This makes me want to go to the rave.
Happy Friday morning brothers, a nice little gem to get things moving.
Sometimes you enjoy a band, but you know they could be so much more. And you will them into becoming that thing, and so often, that just doesn’t happen. They plough the same furrow with decreasingly fruitful results, until, by album three, you feel something die inside you and you know your relationship with them is over.
I’m always keeping an eye on the local music scene in Leeds. It’s not a bad scene and it always has some bands worth listening to, but often they peter out before they get going. I first noticed there was a bit new psyche thing going a few years ago, and some of it actually seemed really good. At the forefront of that were Hookworms. They’ve made two really solid albums, the first building on the first and expanding its sound. But they were solidly PSYCH albums, sounding something like this:
I’d seen them live and I’m partial to a bit of Krautrock, so it was right in my wheelhouse, but they are REALLY good live, and a lot more punky that you might think, but they weren’t exactly inventing the wheel (to complete the wheel related references). I remember thinking, rather fancifully like a twat, that they were ‘Austerity Psych’ – psych rock channelling the anger of our era in a Northern city.
And then an absence of a couple of years. And then, a month or two ago, I hear THIS on 6Music:
And my mind is blown. THAT is Hookworms? Sweet Jesus, yes. It’s Hookworms having babies with New Order, LCD Soundsystem and every other slice of dance rock heaven you could ever imagine. Everything has gone widescreen. The lead singer, MJ, one of rock’s more unlikely looking lead singers, has no longer hidden his voice behind acres of reverb, and wow, he actually has an amazing voice. The ANGER and the punk attitude is still there (this is, after all, about depression and dealing with the death of a friend), but what a canvas to paint it on.
And then came the album, and the fear that this one truly amazing song would be sat amongst a load of psych songs of old, standing out like a sore thing. Not a bit of it. STATIC RESISTANCE is probably the closest thing to Hookworms of old, but even that has crispness and urgency to it that really stands out. It’s a GREAT Track 2:
It doesn’t let up from there. ULLSWATER is another banger, to rival NEGATIVE SPACE, as is OPENER, which feels almost joyful. And then there’s the other surprise – the soft, almost balladeering underbelly of a band that with hitherto all hard Krautrock beats. THE SOFT SEASON is sweet and moving, and EACH TIME WE PASS is, well, actually quite dreamy!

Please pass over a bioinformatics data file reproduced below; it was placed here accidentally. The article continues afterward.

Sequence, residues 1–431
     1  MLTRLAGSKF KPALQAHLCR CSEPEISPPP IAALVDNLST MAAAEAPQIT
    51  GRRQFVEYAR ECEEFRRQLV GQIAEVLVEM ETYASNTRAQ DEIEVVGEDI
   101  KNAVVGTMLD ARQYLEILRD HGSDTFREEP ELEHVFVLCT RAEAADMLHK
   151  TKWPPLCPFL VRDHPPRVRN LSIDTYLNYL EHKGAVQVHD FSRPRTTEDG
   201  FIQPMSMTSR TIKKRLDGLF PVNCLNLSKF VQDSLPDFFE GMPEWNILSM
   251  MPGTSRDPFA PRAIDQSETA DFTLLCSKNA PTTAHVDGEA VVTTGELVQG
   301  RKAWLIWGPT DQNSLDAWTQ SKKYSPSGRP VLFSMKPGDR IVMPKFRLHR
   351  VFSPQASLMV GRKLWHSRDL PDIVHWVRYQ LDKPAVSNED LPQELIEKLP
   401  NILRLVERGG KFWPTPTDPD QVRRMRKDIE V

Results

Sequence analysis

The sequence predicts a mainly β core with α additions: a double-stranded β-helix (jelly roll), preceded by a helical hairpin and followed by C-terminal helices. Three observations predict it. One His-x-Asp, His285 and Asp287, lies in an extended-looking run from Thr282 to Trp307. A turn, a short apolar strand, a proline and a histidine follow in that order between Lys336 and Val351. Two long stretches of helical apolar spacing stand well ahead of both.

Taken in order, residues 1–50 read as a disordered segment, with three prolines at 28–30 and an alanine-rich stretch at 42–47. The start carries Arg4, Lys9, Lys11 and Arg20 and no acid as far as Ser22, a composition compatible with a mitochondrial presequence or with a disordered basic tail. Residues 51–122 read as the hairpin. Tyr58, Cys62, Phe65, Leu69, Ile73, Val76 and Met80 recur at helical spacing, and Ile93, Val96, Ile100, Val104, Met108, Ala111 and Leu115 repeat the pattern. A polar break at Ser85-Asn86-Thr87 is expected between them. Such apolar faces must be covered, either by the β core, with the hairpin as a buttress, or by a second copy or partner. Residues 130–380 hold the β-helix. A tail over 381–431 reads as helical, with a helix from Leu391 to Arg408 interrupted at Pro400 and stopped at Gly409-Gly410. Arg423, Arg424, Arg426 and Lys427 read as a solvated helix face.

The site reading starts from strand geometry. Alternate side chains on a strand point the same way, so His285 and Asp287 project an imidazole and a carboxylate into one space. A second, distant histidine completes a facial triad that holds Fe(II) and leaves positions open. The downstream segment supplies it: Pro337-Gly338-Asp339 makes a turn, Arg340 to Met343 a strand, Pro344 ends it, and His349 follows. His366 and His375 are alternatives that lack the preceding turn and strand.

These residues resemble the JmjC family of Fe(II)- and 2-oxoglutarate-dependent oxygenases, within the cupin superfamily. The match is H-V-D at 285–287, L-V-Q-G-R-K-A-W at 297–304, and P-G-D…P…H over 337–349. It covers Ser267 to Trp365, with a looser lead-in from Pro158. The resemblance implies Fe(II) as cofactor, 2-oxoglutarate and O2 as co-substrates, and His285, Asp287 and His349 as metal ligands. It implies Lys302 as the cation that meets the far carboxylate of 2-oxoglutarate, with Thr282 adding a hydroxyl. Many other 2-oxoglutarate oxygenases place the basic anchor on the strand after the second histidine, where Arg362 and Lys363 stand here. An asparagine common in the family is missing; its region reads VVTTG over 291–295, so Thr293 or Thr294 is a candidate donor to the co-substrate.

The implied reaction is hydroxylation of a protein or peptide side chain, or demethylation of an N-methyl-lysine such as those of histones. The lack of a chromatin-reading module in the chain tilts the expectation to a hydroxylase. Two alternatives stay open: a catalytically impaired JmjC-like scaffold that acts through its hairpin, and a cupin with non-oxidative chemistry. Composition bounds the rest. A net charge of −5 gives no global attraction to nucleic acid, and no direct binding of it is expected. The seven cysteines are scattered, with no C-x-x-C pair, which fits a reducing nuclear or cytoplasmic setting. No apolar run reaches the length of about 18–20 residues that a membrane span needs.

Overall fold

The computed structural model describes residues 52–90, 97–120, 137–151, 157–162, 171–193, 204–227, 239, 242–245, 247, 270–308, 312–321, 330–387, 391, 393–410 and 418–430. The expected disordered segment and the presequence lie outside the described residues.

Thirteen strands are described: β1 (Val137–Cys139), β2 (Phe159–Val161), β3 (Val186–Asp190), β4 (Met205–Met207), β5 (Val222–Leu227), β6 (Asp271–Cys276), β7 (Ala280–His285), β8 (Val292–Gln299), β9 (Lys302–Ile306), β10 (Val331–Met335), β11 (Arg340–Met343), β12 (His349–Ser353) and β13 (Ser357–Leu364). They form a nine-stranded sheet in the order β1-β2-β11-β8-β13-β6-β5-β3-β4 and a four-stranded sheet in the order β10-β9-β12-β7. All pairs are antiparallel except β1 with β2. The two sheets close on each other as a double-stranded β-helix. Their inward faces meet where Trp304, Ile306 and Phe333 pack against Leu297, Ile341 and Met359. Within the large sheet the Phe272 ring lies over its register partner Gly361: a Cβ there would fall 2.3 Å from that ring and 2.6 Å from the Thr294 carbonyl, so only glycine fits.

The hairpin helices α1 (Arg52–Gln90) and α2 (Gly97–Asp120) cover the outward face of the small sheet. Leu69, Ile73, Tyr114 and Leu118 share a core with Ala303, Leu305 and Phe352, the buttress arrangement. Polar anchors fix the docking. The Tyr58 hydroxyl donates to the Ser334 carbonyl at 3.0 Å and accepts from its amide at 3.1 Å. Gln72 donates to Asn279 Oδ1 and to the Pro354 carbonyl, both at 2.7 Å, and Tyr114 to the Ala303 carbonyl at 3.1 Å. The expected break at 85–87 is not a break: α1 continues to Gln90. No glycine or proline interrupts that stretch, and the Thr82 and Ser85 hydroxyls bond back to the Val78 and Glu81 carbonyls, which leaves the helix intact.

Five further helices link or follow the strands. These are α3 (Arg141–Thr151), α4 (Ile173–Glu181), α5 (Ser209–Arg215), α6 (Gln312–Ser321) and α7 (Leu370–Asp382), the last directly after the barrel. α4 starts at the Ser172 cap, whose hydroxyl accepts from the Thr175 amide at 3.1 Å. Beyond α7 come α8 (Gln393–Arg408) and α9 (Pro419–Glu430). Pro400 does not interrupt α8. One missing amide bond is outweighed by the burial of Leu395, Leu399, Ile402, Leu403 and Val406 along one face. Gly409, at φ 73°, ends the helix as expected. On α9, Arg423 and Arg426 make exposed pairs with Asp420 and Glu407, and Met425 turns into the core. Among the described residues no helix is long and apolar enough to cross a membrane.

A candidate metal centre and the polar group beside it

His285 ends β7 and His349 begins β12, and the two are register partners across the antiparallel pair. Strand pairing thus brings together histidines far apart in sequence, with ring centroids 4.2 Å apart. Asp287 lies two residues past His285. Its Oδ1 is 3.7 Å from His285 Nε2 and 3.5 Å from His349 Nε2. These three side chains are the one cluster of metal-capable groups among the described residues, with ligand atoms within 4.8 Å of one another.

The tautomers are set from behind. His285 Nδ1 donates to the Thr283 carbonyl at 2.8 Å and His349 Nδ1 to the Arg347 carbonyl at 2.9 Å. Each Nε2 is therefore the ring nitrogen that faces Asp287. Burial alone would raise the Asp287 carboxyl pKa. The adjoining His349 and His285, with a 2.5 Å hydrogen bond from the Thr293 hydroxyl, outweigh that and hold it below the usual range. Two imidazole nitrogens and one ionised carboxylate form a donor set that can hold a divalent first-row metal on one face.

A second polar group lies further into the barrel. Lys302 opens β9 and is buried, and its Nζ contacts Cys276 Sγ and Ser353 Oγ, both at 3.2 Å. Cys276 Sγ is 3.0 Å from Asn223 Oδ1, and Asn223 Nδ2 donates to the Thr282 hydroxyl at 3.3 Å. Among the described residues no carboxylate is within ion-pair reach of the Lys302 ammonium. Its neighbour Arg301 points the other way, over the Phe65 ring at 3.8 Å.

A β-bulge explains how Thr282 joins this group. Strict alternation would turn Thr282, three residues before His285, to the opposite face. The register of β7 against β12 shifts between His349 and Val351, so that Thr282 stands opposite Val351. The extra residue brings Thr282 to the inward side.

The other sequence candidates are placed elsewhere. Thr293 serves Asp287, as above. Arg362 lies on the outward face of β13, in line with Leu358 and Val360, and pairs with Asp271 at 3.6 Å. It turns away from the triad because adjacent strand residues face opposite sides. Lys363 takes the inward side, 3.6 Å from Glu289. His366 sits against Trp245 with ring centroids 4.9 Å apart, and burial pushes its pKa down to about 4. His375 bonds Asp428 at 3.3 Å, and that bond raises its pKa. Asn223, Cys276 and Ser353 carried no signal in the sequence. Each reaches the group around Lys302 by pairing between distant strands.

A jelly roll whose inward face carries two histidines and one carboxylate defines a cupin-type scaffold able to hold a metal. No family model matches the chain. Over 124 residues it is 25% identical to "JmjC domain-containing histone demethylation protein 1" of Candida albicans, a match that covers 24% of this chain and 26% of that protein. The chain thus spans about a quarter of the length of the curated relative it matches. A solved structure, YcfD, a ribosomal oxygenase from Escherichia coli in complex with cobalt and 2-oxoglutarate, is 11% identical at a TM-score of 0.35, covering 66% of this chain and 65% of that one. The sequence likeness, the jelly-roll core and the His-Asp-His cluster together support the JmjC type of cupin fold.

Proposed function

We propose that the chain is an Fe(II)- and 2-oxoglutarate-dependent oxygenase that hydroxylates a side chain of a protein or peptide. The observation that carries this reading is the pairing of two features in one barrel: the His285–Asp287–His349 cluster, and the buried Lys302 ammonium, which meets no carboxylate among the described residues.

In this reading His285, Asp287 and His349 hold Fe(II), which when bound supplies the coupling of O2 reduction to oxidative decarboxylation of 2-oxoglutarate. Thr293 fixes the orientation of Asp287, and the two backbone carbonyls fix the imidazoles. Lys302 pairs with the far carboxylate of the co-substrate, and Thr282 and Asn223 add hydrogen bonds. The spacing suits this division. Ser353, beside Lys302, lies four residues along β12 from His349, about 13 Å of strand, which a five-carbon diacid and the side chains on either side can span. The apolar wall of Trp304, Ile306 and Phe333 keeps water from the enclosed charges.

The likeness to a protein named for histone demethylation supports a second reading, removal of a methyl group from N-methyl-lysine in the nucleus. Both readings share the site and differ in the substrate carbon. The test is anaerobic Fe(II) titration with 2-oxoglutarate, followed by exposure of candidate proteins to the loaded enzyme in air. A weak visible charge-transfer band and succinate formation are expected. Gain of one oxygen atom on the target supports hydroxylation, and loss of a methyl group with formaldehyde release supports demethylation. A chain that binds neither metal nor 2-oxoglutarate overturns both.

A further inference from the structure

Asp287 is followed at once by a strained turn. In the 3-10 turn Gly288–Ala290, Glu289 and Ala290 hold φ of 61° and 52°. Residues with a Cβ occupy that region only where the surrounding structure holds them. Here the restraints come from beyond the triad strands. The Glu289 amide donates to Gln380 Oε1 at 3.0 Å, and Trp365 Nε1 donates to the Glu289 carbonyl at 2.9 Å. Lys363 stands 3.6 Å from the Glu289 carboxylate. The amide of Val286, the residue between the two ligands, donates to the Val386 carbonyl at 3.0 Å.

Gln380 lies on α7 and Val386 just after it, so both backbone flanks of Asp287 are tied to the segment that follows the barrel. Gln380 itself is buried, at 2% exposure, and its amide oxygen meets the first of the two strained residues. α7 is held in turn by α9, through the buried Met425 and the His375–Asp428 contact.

I think this a major piece of work. It works totally as an album and a vision, and it’s rewarded me every time I’ve played it.
Finally, can we talk about the sequencing? Brother Joey, I know it’s a bugbear of yours and mine when a good album is badly sequenced. Just how beautifully sequenced is this? ULLSWATER as a Track 3 basically says – yes, the whole album is as good as this. And then THE SOFT SEASON is that sudden blast of tenderness that opens out the whole album’s palette. And at the back end, SHORTCOMINGS has got to be the best closer to an album I’ve heard in a long time. It’s up there with my favourite songs on the whole thing – James Murphy would be proud of that one.
It’s only March but I can’t see this not being one of my albums of the year.
So yeah, sometimes those bands you invest in do reward you by turning into something much bigger than you’d ever imagined…
A classic case of ‘if only this had been out 8 weeks ago’ because I’ve been waiting for it for ages, and it’s not disappointed. I’ve long been a Tracey fan, even though for EBTG I was only a cursory listener, and only really came back to them after reading both Tracey and Ben Watt’s brilliant memoirs in recent years.
With all the #metoo movement’s focus, this album is very much 2018. Produced by Ewan Pearson – so the production is absolutely perfect – so the tracks are electronically-tinged, it’s a modern paean to feminism and being a woman. But it’s the melodies and songwriting that have got me. This is the epic highlight – Sister – 8 plus minutes of balearic, modern pop music. I couldn’t recommend it more. This track also gets some belting remixes from Andrew Weatherall, what more could you want?
I came accriss this the other day… it’s been on repeat since. I’m not sure why I like it as it’s a bit random but it works for me.
Good Sunday Morning Brothers.
Again, as per ‘Pa’Lante’ I’ve been meaning to write about Nilufer Yanya for over 6 months, never got round to it and keep kicking myself each time she releases something amazing. My main concern is that one of the other Brothers will introduce her and I will be ‘yeah man, I’ve been listening to her since she was recording in her bedroom’ like a proper ageing muso tit.
My intro, as so much of my new music does comes through Pitchfork ‘Best New Tracks’. Looking at a quick Google search she’s been tipped as one to watch by The Guardian and BBC Music. ‘Beautiful, unfussy guitar music’ is such a lovely way of putting it but for me, most of these recommendations miss that I don’t really hear anyone else sounding like this at the moment. Beautiful instrumentation, arrangements, simple but effective production and a voice that is difficult not to fall in love with and fantasise about a deep meaningful relationship with Nilufer!
What do you think ( tip – please listen to the music … not watch the 1st video!)?
Singles/EPs on Spotify in order of release;
This is so good!